Building the Internet was the collective achievement of hundreds of engineers and scientists. The intriguing thing about the World Wide Web is that, alone among Internet technologies, it was conceived and created by a single individual--the English physicist Tim Berners-Lee. He articulated the vision of a global universe of linked documents, wrote the first browser and server programs and came up with the protocols and acronynms (HTTP, URL, HTML, WWW) which are now part of all our lives.
Given the way the Web has become the dominant communications technology of our time, one could argue that Berners-Lee is the guy who invented the future. Yet up to now he has remained reticent about how he did it. Weaving the Web is therefore the definitive account of how the World Wide Web came to be. No one else could have written this book--the history of the Web straight from the source. Yet it's a characteristically modest and self-effacing book, in which Berners-Lee relegates the story of how he came to create the Web to the first 90 pages. They make riveting reading as they tell a story of ingenuity and persistence and vision; but most of all they tell a remarkable parable about civic values. The Intellectual Property Rights embodied in the Web could have made Berners-Lee the richest man in history. Yet he turned his back on the money and set his creation free. He was determined from the outset that the Web should belong not to him but to us.
The remaining 130 pages are devoted to an account of how he implemented this commitment to the public domain by setting up the World Wide Web Consortium--the organisation he created to ensure that that the Web continues to develop without becoming the proprietary reserve of the powerful corporations which aspire to control it. Through this account--of protocol wars and technical disputes and unbearable pressures--runs a consistent vision challenging the prevailing orthodoxy that regards the Web simply as a wonderful new way of doing business. Of course, it is a new way of doing business--but in Berners-Lee's view that is perhaps the least interesting thing about the Web. He continues to view the Web as he has always seen it--as a medium that can codify the sum total of human knowledge and understanding. Weaving the Web is an unforgettable testimony to that heroic vision. --John Naughton --This text refers to an alternate Paperback edition.
This lucid but impersonal memoir conveys some vital history and intriguing philosophy concerning the Internet, written by the man who invented such ubiquitous terms as URL, HTML and World Wide Web. British-born physicist Berners-Lee is now the director of the World Wide Web Consortium, which is based at MIT and sets software standards for the Web. In the late 1980s, he wrote the first programs that set up the Web, thus revolutionizing the Internet by allowing users to hyperlink among the world's computers. It was a quantum conceptual leap, and not everyone instantly understood it (some researchers had to be convinced that posting information was better than writing custom programs to transfer it). The release of graphical browsers such as Netscape Navigator made the Web much easier for home users to navigate and led to the commercialization of the Net. Although Berners-Lee calmly eschewed opportunities to get rich, he doesn't subscribe to the notion, common among pre-Web denizens of the Internet, that commercialization is a pox upon cyberspace. After short takes on current issues like privacy and pornography, Berners-Lee moves into prediction and prescription: the Web needs more intuitive interfaces and integration of tools, "annotation servers" that allow comments to be posted on documents and "social machines" that enable national plebiscites. And while he's no digital utopian, he thinks an Internet that balances decentralization and centralization can contribute to a more harmonious society. Berners-Lee's tone is more lofty than quotidian. He'd rather muse about the benefits of decentralization that his revolutionary technology makes possible than respond to Internet skeptics and critics. But he was very, very right a decade ago, and he's well worth reading now. First serial to Vanity Fair; 7-city author tour; 25-city radio campaign.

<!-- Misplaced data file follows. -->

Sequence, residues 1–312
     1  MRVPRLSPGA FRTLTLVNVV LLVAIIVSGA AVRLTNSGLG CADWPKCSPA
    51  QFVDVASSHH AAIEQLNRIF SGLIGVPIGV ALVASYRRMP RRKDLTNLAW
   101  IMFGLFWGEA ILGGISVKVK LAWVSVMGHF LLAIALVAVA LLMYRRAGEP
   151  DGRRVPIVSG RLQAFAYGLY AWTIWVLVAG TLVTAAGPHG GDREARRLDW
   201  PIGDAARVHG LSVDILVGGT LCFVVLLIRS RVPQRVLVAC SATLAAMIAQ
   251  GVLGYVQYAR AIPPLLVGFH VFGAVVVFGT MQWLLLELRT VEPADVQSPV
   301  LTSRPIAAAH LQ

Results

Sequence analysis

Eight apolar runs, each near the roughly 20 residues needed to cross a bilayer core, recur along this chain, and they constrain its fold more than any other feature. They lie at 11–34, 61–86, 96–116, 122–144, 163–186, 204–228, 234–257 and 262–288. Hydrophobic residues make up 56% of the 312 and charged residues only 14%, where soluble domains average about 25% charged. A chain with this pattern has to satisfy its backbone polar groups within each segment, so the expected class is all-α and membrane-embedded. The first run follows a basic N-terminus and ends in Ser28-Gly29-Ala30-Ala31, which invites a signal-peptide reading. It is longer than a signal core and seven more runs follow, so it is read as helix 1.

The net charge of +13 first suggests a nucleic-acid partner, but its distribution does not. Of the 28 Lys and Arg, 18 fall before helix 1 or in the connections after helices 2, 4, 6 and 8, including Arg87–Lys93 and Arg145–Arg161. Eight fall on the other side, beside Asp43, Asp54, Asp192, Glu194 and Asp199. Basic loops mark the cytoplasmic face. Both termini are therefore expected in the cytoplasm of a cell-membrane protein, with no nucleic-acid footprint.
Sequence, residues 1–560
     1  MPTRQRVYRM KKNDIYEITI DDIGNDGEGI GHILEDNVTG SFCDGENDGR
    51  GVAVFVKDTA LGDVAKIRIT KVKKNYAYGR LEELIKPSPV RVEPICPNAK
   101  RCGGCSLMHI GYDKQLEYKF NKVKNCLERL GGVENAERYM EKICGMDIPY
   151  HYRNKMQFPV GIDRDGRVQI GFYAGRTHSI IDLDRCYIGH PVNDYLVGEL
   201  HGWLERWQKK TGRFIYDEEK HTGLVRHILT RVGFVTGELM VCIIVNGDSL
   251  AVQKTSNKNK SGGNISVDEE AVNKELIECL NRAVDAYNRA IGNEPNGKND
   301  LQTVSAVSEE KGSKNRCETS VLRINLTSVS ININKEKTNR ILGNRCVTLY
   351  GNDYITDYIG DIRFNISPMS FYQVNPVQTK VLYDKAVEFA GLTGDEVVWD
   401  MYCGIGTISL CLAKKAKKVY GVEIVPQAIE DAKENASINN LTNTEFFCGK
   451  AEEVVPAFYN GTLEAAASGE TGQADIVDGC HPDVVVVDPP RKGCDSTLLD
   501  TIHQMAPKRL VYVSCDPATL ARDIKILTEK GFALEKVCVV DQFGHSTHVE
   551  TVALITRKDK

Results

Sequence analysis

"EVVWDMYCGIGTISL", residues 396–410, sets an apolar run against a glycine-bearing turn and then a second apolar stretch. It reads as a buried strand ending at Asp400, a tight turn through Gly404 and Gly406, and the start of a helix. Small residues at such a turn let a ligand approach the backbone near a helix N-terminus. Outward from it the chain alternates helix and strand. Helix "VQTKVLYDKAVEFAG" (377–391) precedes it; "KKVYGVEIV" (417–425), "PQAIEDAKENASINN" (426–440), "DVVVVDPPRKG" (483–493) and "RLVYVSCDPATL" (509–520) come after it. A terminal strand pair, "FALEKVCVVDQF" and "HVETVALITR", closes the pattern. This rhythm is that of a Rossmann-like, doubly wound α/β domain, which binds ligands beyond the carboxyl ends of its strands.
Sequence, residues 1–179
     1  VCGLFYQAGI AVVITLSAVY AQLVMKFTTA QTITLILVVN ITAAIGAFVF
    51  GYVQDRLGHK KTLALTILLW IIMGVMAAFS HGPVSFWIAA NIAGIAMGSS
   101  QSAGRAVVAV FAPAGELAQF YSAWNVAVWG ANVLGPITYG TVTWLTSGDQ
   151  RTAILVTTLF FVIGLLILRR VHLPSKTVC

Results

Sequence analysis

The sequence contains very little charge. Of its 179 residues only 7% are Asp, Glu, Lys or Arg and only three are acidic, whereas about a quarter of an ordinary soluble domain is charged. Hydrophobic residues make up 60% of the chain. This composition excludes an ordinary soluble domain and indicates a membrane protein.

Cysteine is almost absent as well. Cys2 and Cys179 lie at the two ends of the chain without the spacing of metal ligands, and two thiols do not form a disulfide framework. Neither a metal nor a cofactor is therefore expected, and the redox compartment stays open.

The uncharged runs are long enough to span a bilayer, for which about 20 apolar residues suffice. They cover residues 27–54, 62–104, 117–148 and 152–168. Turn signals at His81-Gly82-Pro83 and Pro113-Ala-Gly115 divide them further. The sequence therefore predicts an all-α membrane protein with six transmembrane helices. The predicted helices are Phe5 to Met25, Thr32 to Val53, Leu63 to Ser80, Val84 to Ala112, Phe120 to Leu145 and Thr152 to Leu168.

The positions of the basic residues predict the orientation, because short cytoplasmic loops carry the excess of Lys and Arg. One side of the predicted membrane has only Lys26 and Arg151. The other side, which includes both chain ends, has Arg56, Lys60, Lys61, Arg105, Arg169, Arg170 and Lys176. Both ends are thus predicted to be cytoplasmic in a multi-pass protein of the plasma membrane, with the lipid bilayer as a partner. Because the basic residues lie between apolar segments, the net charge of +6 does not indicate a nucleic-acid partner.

Copyright 1999 Reed Business Information, Inc. --This text refers to an out of print or unavailable edition of this title.
Berners-Lee was responsible for driving the Web's creation, and his text articulates his passion about the World Wide Web. Read morePublished on Dec 20 2011 by Christopher Parsons
Pro: A recount of the history of the world wide web from the creator himself. Second pro, buying the book of the guy who gave us this really cool thing, and letting him reap a... Read morePublished on April 2 2004 by Robert Cannon
While he doesn't enjoy the fame or fortune of a mega mortal such as Bill Gates, Tim Berners-Lee is more than a major player in the world of the Web - he invented it. Read morePublished on Feb. 18 2004 by Gail Cooke
Tim Berners-Lee explains how the Internet got started, but how he then conceived of the World Wide Web. Read morePublished on Dec 4 2003 by Keith Appleyard
Since Berners-Lee played such a critical role in developing the web, his view on the history of it is definitely worth reading. Read morePublished on Aug. 17 2002 by Ronald Brown
Mr. Berners-Lee (in 2004 he became "Sir Tim") created the World Wide Web. He also created the first Web server and the first Web browser, both in 1990. Read morePublished on April 25 2002 by R. Sobkoviak
This book that tells the amazing story of how Tim Berners-Lee conceived of the Web and brought it into being. Read morePublished on Oct. 27 2001 by Erika Mitchell
I had the pleasure of reading Tim's book at about the time I was working with a non-profit group which produced a free two-hour webcast of Tim's Q&A. Read morePublished on July 9 2001 by Harvey S. Jacobs